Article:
The Sprint Cup’s fast starters


Four of 36 NASCAR races down and the Sprint Cup is wide open. At this early stage four-time champion Jeff Gordon leads the series from Clint Bowyer and last weekend’s winner Kurt Busch, while defending champion Jimmie Johnson has yet to win a race and is 13th in the points. Gordon has been the most consistently competitive driver so far this season, but no one has a clear edge. Matt Kenseth won last month’s Daytona 500 and won again the following weekend at the California Speedway, before Kyle Busch scored his first victory of the season at the Las Vegas Motor Speedway.

Kyle’s older brother Kurt scored a convincing win at the Atlanta Motor Speedway last Sunday, dominating the race and out-duelling points leader Gordon and Carl Edwards in the final sprint to the flag. Kurt is Roger Penske’s lead driver, but he and Penske’s team have been conspicuously uncompetitive in recent years. Busch demonstrated at Atlanta, however, that Dodge’s latest NASCAR engine has plenty of power. His victory was the most impressive performance for both driver and team in two or three seasons.

In the four races run so far, three drivers have won for three different teams and manufacturers. Kenseth, the 2003 champion, scored his two wins for the Roush Fenway Ford team, with Kyle Busch winning for Joe Gibbs Racing and Toyota, before brother Kurt won for Penske and Dodge. And of course Gordon leads the championship for Chevrolet and Hendrick Motorsports, so that all four of NASCAR’s competing manufacturers have something to crow about. In that way NASCAR couldn’t have asked for more from its opening races.

Nor are there any problems – so far at least – in filling the field with 43 competitive cars. Four drivers and teams failed to qualify at Atlanta, but every qualifier was a strong runner with no stragglers. The depth of the field is evident in Juan Pablo Montoya’s continuing struggles with Chip Ganassi’s Dodge-equipped team. Montoya qualified an encouraging fourth at Atlanta but didn’t run well in the race and eventually finished five laps down in 27th place. Scott Speed is also discovering how tough NASCAR is as he struggles to match the pace set by Red Bull Toyota team-mate Brian Vickers, who challenged Kurt Busch for the win at Atlanta. Speed, meanwhile, ran near the back of the field and his race ended in the wall.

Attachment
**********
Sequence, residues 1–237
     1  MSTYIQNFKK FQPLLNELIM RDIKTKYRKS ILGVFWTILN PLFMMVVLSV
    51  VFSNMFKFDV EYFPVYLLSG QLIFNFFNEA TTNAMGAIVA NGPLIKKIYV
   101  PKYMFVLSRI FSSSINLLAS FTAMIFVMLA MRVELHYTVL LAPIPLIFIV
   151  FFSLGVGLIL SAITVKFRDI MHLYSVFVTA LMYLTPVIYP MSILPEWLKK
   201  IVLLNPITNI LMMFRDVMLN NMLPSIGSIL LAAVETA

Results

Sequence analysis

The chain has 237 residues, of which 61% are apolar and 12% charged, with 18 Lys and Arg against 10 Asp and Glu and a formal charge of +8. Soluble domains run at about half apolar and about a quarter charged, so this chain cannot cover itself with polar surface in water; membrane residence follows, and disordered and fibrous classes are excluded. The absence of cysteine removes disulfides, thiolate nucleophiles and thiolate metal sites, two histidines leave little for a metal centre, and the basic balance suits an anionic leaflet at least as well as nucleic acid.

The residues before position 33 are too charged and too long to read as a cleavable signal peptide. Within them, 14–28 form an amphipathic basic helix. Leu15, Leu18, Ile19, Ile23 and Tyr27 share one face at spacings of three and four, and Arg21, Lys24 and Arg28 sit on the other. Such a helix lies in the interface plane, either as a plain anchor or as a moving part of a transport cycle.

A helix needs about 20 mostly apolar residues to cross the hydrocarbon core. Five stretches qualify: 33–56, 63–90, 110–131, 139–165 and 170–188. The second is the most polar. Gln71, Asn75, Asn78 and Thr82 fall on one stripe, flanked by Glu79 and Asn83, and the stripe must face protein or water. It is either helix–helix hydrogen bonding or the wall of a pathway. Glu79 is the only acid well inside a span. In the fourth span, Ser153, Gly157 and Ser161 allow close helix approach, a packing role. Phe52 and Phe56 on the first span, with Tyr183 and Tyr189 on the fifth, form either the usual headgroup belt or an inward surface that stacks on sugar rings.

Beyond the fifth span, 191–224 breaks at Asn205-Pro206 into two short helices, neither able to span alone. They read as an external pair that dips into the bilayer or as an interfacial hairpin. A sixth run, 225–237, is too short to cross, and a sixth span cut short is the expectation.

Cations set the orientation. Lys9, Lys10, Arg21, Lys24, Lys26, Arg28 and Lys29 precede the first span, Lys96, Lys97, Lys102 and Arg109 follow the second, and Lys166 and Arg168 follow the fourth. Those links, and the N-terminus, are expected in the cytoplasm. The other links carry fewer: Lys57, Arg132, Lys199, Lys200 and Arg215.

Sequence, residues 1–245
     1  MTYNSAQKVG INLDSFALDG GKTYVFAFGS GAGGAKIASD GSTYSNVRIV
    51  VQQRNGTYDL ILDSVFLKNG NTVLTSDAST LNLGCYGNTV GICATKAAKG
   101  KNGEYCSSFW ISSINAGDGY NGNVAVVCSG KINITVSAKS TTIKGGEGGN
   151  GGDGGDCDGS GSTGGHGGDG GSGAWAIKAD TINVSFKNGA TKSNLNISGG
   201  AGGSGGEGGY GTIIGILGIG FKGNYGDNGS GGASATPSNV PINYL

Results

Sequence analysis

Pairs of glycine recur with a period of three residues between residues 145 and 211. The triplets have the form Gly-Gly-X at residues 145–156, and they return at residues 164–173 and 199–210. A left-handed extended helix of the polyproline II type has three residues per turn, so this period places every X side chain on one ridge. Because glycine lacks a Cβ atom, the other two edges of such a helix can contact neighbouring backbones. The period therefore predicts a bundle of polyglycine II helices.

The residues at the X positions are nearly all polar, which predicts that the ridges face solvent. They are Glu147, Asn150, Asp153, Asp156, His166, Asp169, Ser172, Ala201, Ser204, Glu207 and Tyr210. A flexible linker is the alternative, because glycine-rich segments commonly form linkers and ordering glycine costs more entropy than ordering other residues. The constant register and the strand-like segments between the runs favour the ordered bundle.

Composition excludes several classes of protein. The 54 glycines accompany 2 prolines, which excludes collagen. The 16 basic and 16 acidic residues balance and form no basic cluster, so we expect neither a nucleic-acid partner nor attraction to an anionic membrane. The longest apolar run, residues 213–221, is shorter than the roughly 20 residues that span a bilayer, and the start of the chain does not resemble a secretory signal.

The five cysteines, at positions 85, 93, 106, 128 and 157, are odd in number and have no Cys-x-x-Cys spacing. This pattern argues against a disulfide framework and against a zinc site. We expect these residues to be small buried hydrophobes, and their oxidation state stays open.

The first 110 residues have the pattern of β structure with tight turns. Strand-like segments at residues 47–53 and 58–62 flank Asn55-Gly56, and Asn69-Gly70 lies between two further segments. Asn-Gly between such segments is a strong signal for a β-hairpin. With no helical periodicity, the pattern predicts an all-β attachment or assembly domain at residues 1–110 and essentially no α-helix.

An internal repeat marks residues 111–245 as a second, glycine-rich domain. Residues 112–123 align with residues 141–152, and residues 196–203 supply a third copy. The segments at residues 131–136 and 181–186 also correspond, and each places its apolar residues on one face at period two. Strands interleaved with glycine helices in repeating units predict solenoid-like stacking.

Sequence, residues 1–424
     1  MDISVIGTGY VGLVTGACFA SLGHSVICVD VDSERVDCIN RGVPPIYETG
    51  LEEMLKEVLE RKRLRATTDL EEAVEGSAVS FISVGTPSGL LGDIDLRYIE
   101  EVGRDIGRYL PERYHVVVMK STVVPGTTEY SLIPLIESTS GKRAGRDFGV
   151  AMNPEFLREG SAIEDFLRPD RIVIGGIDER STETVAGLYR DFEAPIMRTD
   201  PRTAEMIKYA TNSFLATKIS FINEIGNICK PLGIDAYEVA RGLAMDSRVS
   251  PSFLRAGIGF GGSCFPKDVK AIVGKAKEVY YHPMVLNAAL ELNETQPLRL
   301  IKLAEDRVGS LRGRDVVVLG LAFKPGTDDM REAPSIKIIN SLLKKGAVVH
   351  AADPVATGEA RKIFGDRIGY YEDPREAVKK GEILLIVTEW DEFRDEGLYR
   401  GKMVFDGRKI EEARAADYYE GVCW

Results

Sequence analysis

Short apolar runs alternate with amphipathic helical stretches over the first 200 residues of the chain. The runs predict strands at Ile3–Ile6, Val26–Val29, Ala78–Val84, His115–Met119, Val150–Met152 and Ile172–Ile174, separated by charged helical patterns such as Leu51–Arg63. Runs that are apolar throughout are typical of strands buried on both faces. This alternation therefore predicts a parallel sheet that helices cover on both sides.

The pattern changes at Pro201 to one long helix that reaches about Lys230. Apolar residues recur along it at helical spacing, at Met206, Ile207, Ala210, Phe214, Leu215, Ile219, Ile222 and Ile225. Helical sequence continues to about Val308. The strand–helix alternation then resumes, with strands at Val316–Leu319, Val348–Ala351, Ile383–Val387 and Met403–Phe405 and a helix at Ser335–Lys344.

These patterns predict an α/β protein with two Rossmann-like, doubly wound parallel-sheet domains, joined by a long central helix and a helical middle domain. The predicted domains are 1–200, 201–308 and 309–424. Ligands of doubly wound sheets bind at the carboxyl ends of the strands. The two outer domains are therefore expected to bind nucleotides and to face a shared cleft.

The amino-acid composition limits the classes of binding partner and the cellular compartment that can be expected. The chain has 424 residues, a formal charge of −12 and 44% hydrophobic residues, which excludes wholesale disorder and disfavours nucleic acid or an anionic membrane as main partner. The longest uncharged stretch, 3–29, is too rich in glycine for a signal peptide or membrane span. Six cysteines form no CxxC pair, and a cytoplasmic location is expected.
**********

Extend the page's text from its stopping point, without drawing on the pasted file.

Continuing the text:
Nor has the season started well for three-time champion Jimmie Johnson or team-mate Dale Earnhardt Jr. Johnson and Earnhardt are Gordon’s team-mates, along with veteran Mark Martin, in the four-car Hendrick Chevrolet team, but neither has been able to score any results so far this year. Johnson has run well but has yet to enjoy a clean race. He finished ninth in Atlanta and is currently 13th in the points. Earnhardt – by far NASCAR’s most popular driver – has been mired in the midfield after bearing the brunt of criticism from both fans and the media following his collision with Vickers at Daytona.

One thing is clear, and that is there are going to be plenty of empty seats at many NASCAR races this year. Daytona was close to full thanks to numerous creative ways of giving away tickets, and Las Vegas two weeks ago also enjoyed a pretty strong crowd, although not a sell-out by any means. But the California Speedway the week after Daytona was only half full, and Atlanta wasn’t much better. Atlanta has been struggling to sell seats for many years and last Sunday the place was around two-thirds full.

After four straight races on superspeedways NASCAR takes a rare weekend off before resuming with a pair of short-track races on half-mile ovals at Bristol, Tennessee on March 22, and Martinsville, Virginia on March 29. Bristol seats no fewer than 130,000 fans and has been a sell-out for many years, but not this time. It was reported last weekend that more than 30,000 seats are unsold, but it’s fair to say that in today’s economy 100,000 isn’t anything to sneeze at. NASCAR has its troubles, but the party is far from over.

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